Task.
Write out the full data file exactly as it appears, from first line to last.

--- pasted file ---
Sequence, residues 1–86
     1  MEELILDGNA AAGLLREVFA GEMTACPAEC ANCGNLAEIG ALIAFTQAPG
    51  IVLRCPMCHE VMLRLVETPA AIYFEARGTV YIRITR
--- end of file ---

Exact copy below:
Sequence, residues 1–86
     1  MEELILDGNA AAGLLREVFA GEMTACPAEC ANCGNLAEIG ALIAFTQAPG
    51  IVLRCPMCHE VMLRLVETPA AIYFEARGTV YIRITR